Rites and Rituals
A short walk from Island Bridge was an ancient well of which St. John was the patron. It was frequented by rich and poor alike, most especially around St. John’s namesake day, June 23rd.
As darkness fell upon St. John’s Eve the bonfires - ‘St. John’s fires’ - were lit on the high ground to signal the approaching patron’s day or pattern and working folk gathered their families and set out for the well, streaming from all corners - from across the Island Bridge, from the city and from the Liberties beyond. Nearby the well some pitched their tents, others set out their stalls and musicians readied their instruments, for even a saint’s feast day brought with it all manner of worldly festivities.
The ancient rituals were most solemnly observed. Water was drawn, vessel by vessel, from the well and drunk by young and old to ward off or cure any number of ills and ailments. Leaping from side to side across the bonfire was thought to cleanse the body and give protection for the year ahead. Even young children were persuaded, or forced, to swallow their fear and leap through the dancing flames. A great bonfire was lit outside the hospital which had served the sick poor since the time of Strongbow.
And on the same eve and with great ceremony the mayor of Dublin and his entourage filed into the great hall to pay homage to the image of St. John which stood there. On St. John’s Day itself, the canons of St. Thomas Court and the friars of Francis Street came too in solemn procession to make offerings to the revered saint.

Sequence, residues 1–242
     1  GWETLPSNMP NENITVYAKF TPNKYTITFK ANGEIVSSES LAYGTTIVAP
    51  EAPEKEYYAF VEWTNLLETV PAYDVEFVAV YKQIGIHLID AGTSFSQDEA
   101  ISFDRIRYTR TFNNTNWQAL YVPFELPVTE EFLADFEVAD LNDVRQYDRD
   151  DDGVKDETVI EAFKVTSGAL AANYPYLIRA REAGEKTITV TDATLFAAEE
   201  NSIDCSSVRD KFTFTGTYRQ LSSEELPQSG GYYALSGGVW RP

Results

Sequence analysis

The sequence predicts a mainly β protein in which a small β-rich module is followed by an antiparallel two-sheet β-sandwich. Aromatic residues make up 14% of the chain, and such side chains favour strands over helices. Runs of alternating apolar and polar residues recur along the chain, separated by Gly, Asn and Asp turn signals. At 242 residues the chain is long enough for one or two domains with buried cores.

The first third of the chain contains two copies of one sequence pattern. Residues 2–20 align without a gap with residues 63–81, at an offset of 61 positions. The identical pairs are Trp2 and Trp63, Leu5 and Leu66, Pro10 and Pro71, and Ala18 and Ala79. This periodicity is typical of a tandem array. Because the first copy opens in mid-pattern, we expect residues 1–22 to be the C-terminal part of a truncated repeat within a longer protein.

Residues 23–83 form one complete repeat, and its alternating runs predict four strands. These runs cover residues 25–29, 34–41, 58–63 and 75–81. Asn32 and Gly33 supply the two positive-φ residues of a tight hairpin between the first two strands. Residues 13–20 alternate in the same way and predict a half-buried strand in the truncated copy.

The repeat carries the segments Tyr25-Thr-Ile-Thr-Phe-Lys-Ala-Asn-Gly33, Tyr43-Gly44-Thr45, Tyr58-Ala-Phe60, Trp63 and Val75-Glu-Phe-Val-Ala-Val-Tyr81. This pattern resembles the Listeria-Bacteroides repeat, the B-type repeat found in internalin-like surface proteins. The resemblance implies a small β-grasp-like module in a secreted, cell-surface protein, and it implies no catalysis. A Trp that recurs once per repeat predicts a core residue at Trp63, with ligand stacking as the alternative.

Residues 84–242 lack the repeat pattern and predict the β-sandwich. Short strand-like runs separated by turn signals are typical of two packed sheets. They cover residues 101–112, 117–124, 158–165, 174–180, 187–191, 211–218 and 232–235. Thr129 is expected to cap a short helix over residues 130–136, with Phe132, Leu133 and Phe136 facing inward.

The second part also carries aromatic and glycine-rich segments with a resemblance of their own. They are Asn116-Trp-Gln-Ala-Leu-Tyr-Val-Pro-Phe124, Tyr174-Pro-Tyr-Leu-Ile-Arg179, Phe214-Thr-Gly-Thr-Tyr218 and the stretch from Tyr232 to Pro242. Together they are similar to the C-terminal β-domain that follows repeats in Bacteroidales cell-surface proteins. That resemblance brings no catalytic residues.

St. John’s was not the only public observance of saints’ days through the centuries of Dublin history - among others St. Patrick’s, Holy Eve or Hallowe’en and St. James’ days were of significance but of these, the rituals of St. James’ Day can be viewed only through the lens of history.
The day began with the decoration of the graves in St. James’ churchyard. Old linen or paper was fashioned into life sized effigies of the dead and these were laid upon the graves or hung from trees while the family prayed. It was a common sight to see a mother surrounded by images of her dead children while mournfully praying for their souls. Though hundreds of years old, perhaps even older than Dublin itself, these ritual traditions came to be frowned upon. In 1787 the Archbishop of Dublin issued a decree forbidding attendance at the pattern at St. John Well because of people who ‘scandalise their religion and disturb public peace by their criminal excesses’ and who succumbed to the ‘dangerous opportunities of intoxication and riot’.
Festivities were first watered down and, by the middle of the 19th century, mostly rendered extinct - the magistrates of Dublin prohibited bonfires, the city expanded and engulfed the fields and churchyards, and when feast days, fairs and festivals became bywords for drunkenness and lawlessness they were suppressed by the authorities. Thus the observance of St. John’s and St. James’ Days fell from common practice, while those of St. Patrick and Hallowe’en took on more secular forms.